Two-a-days for high school football start TOMORROW! My favorite time of year. I’m a big fan of the sport but also love how it brings communities together and all the good things football uniquely affords young men. If you love HS football and love the Lord, consider praying these 6 things, and more.

🙏🏼 God’s glory — We’re all gifted in differently. Football players have the ability to glorify God through the way they play and who they play for. Pray they play for His glory. 🙌🏼

🙏🏼 Relationships — Scripture teaches that we need each other and football can forge friendships like no other. Pray these young men form a team, a bond and a brotherhood. 🤝

🙏🏼 Life lessons — Hard work, sacrifice, selflessness, courage, commitment and the list goes on and on of the values and character building that football can bring. Pray they don’t miss the opportunity to learn things they can apply well beyond the playing field. 📓

🙏🏼 Gospel conversations — Football, especially in small town Texas, brings a whole lot of people together, a lot more than just players and parents. Pray that we make use of our time together to go beyond causal conversations and talk life, the Lord, eternity and Salvation. ✝️

🙏🏼 Coaches — Coaches go above and beyond in every sport, but football season can be especially taxing on coaches and their families. Pray for an extra measure of God’s grace in sustaining them, that families stay unified, and for a healthy balance that affords both the joy of a job well done, and rest when needed. Also, pray they not get worn out by parents and fans, like us 😅

🙏🏼 Safety — It’s a contact sport! Pray for a season free from injury. And especially in these hot months, pray for overall health of everyone involved. 🏥

I’m so ready and I know a lot of y’all are too! It’s gonna be a great season! All glory to Him!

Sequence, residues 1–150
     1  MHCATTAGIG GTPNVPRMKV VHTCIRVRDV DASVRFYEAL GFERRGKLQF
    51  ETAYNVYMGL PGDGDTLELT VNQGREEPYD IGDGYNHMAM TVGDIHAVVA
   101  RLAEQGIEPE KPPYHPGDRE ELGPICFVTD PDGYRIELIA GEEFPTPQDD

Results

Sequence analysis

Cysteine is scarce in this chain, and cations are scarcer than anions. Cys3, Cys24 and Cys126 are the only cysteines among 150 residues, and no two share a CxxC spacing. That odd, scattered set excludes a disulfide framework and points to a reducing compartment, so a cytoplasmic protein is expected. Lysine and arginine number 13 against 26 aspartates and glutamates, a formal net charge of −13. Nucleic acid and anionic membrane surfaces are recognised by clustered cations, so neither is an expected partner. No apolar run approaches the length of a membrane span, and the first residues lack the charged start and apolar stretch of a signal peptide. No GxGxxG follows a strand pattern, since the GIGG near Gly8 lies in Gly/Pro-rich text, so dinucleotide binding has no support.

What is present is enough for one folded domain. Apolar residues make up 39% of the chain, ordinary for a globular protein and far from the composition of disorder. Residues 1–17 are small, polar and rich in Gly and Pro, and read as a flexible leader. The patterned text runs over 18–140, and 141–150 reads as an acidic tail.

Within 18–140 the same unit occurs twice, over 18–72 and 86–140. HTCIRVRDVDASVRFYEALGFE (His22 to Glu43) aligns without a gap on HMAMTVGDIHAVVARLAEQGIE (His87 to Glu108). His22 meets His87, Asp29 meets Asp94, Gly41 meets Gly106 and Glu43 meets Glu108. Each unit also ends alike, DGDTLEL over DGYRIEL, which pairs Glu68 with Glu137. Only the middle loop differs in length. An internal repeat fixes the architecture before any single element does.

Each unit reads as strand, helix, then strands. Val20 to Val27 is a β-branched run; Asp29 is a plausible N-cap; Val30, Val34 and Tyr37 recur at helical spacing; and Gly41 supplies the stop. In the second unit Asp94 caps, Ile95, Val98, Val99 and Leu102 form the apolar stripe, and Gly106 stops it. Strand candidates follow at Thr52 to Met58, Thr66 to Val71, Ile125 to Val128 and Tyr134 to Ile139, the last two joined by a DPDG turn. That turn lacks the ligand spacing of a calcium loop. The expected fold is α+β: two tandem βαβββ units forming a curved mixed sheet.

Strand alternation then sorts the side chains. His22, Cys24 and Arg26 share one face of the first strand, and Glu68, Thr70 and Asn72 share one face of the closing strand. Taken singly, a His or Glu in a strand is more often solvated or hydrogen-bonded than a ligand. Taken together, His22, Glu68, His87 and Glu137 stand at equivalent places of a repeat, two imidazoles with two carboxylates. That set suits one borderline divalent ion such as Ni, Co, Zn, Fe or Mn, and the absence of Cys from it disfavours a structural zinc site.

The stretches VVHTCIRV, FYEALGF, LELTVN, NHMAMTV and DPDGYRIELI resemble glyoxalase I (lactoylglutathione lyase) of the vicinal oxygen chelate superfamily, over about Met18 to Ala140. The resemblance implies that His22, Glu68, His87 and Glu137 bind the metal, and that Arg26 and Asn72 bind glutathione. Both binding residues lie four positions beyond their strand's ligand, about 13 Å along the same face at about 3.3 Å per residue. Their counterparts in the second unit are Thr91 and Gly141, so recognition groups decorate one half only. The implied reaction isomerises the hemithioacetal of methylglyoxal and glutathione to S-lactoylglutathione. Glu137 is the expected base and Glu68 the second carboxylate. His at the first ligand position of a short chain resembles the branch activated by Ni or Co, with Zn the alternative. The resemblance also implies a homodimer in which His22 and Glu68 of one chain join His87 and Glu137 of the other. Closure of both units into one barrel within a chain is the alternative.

Wednesday Wisdom: Romans 12:18, Matthew 22:39

News and social media look a lot like a really long episode of Jerry Springer minus the big bald dude to separate the crazies 🥴 (#kidsdontknow) But something I’ve observed— the deeply divided, mean-spirited people I often see represented on those outlets are NOT the people I encounter on a daily basis in our communities 🤨 Given the opportunity we get along pretty well!

I’m not saying that differences don’t exist, or that people arent really mad or that it’s all being made up. They sure look genuinely mad to me! 😅 What I’m proposing is that while we stay aware of some deep divisions in our nation we not overlook (and enjoy) some unity and good will among actual people in close proximity around us.

Here’s one of my concerns — that we try to emulate what we see on TV. We see 2 opposite sides depicted. We feel forced or obligated to take a side. THEN, we go looking for our opponent/perceived enemy in the people we know and have had a good civil relationship with up to now, and (at least in our mind) start villainizing them and working against them. The thing about looking for something? You tend to find what you are looking for, even if it wasn’t there.

But let’s assume it is there. Let’s assume that the bad ideology and position you saw presented on the news REALLY is the one held by your neighbor. They’re still your neighbor! We don’t relate to each other like 2 faces on a screen from a news network or 2 blue check marks on Twitter. We can actually talk to one another about differences, exercise patience, share life and think through things together. I’m in NO WAY suggesting we compromise truth or convictions. Stand firm! I’m suggesting we live with each other in a way that allows truth and our convictions to be communicated and received — not like many of the examples we see on TV and in News Feeds.

Hey, y’all know I’ve got a Bible verse for this 😆 Here’s a couple:

If possible, so far as it depends on you, live peaceably with all. – Romans 12:18

You shall love your neighbor as yourself. – Matthew 22:39


Little Wonders

I dropped this young lady off at camp last Saturday and it sure was hard to leave her. I love her so much.

Tell y’all a quick story— when Casey was pregnant with Norah we went in for a sonogram, and in true Layman fashion we took Quinten and Trinity with us. It was a special time and a season of prayer for our then family of 4. Like many couples, we’d gone through some miscarriages and we were really hopeful for this baby girl. As the sonogram was being done on her belly, we were all huddled around Casey and then it happened. We saw little Norah come up on the screen. As we got our first look at our new family member, the song Little Wonders by Rob Thomas was playing on the radio there in the Dr’s office. I vividly remember telling Quinten and Trinity “listen to the words of this song” as it was so appropriate for the occasion. Here’s part of the lyrics